Estimated at $16.2 billion in FY19, India's apparel exports fell by 1.2% from FY18, which in turn was 4% lower than the previous year
Even the share of apparel exports in the country’s total textile exports has fallen sharply from 51% in FY17 to 45% in FY19
Mumbai: India’s apparel exports have fallen for two years in a row. Estimated at $16.2 billion in FY19, the country’s apparel exports fell by 1.2% from FY18, which in turn was 4% lower than the previous year. This comes after annual average growth of 5.7% between FY10 and FY16. The reasons for the slowdown range from issues on the domestic front to slackening global demand.
According to Chandrima Chatterjee, adviser at Apparel Export Promotion Council (AEPC), the time taken by the industry to align to the new goods and services tax (GST) regime, downward revision of export incentives, and the credit squeeze particularly faced by small and medium enterprises adversely impacted exports.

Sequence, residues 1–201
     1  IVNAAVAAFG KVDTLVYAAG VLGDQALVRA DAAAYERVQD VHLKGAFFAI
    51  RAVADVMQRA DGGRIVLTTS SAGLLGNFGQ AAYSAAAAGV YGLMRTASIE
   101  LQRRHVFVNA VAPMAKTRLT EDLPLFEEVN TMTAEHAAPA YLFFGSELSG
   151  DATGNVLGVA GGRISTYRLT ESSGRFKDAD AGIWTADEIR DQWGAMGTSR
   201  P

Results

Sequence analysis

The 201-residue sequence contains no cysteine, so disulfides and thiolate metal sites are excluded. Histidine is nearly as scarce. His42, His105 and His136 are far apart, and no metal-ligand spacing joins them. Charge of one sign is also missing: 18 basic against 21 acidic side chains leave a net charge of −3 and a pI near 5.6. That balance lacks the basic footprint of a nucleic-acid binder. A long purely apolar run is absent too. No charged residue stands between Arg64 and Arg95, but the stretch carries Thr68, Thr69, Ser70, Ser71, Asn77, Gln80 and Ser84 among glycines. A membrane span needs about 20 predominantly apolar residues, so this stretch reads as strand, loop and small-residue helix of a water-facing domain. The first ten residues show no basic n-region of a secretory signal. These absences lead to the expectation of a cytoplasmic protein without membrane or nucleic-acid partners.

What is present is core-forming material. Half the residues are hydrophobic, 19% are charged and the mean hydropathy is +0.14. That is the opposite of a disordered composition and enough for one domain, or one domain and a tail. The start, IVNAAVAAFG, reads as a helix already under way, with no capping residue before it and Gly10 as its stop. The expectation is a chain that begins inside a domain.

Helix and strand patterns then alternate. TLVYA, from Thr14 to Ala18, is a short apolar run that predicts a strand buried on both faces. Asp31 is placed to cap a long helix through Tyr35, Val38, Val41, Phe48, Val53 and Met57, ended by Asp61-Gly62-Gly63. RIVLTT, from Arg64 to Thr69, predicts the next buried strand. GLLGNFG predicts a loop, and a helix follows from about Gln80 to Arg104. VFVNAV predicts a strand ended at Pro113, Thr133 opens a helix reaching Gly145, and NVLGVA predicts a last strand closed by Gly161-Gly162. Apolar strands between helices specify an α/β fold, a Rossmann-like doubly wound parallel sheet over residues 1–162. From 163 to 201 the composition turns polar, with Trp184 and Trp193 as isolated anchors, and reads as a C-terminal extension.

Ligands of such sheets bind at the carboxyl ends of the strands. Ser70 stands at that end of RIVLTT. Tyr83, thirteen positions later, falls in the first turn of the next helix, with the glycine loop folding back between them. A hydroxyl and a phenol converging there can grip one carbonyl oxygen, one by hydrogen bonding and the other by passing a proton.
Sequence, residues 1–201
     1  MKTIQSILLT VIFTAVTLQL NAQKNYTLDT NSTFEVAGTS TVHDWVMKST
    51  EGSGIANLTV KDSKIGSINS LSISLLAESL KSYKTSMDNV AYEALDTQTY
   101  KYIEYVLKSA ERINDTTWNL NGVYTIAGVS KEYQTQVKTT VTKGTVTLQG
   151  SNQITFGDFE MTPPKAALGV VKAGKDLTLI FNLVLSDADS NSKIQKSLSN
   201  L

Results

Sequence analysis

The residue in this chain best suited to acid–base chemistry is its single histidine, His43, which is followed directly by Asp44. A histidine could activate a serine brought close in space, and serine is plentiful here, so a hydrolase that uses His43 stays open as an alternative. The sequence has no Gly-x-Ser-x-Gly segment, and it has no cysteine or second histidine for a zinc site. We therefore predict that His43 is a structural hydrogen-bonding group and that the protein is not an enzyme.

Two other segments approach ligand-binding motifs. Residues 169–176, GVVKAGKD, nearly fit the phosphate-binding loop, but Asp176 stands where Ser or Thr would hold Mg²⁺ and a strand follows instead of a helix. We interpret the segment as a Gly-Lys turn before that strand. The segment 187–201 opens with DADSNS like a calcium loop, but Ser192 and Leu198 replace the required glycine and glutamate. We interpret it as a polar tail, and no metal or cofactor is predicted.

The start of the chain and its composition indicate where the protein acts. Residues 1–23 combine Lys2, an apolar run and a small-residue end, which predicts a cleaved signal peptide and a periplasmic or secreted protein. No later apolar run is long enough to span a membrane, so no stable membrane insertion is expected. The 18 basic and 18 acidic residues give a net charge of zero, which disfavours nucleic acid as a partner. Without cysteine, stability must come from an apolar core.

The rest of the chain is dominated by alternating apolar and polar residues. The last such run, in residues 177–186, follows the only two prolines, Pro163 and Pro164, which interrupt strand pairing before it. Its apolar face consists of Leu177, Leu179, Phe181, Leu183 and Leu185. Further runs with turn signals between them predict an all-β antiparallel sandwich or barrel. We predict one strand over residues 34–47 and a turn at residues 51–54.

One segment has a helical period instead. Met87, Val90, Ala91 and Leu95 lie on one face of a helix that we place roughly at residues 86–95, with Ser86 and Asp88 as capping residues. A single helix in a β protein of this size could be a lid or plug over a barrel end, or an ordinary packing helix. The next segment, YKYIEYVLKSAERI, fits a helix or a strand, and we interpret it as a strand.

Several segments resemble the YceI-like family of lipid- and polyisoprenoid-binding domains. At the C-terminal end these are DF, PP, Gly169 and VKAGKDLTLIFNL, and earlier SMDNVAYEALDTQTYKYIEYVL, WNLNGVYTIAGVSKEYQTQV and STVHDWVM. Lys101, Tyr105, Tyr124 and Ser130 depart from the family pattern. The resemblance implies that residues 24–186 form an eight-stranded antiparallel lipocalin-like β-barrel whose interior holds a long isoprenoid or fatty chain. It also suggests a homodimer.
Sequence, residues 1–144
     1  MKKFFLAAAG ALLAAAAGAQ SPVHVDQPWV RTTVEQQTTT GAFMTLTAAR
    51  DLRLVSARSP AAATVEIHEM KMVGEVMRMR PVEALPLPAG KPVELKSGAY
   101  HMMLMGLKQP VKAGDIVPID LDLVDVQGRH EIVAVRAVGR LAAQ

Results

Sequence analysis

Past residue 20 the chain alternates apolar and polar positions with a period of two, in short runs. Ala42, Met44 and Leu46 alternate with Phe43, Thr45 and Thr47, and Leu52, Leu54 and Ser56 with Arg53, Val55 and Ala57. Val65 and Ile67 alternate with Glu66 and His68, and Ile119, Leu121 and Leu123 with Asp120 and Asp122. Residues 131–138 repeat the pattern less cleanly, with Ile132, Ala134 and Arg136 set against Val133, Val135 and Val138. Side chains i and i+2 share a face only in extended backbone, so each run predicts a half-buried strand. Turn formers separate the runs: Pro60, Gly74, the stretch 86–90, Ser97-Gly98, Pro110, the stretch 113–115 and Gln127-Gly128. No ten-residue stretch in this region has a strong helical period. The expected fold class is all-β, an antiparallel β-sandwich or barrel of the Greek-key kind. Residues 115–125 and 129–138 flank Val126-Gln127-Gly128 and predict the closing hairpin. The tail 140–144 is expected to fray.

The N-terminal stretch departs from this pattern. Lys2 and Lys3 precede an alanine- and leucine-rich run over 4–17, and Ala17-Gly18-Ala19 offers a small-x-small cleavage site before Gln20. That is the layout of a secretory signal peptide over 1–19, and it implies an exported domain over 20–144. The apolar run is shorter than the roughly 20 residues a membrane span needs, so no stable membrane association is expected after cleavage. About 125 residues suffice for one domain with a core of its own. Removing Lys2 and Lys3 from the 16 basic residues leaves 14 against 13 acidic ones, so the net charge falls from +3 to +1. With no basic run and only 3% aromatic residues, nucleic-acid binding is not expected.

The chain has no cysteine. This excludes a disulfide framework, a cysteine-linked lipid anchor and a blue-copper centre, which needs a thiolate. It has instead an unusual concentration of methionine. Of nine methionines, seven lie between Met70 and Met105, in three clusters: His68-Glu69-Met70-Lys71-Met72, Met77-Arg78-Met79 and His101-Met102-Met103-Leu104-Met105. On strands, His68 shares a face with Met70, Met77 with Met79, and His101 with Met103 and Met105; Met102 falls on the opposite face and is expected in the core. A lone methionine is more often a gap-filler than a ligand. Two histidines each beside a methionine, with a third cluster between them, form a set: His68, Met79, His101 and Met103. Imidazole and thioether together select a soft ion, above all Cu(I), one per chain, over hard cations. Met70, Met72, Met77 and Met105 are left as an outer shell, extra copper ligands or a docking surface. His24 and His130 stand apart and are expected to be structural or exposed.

That’s not all. Even the share of apparel exports in the country’s total textile exports has fallen sharply from 51% in FY17 to 45% in FY19. Industry experts attribute the growth between FY10-17 to shifting of manufacturing bases by developed countries to low-cost emerging nations such as China, India, Bangladesh and Vietnam.
However, the recent slowdown in global demand has increased competition in the markets, which also coincided with taxation changes in India. Analysts say that there was a 6-7% impact on costs, which hurt profitability of garment makers too.
There are other reasons for the decline. According to CARE Ratings Ltd, “India’s apparel exports comprise mainly of cotton garments (51%), with manmade fibre accounting for around 28%. India needs to diversify its fibre base, as global consumption is diversified and MMF (man-made fibre) holds a much larger share as compared to cotton."
That apart, competition on pricing has also increased in recent times. CARE Ratings adds that India is projected to lose market share to Bangladesh and Vietnam for ready-made garment exports to the European Union (EU), because of lower competitiveness, as Bangladesh has duty-free access to the EU.
However, apparel manufacturers are now focusing on diversifying exports into countries such as Japan, Israel, South Africa and Hong Kong.
How far these new markets help will determine export trends in the years ahead.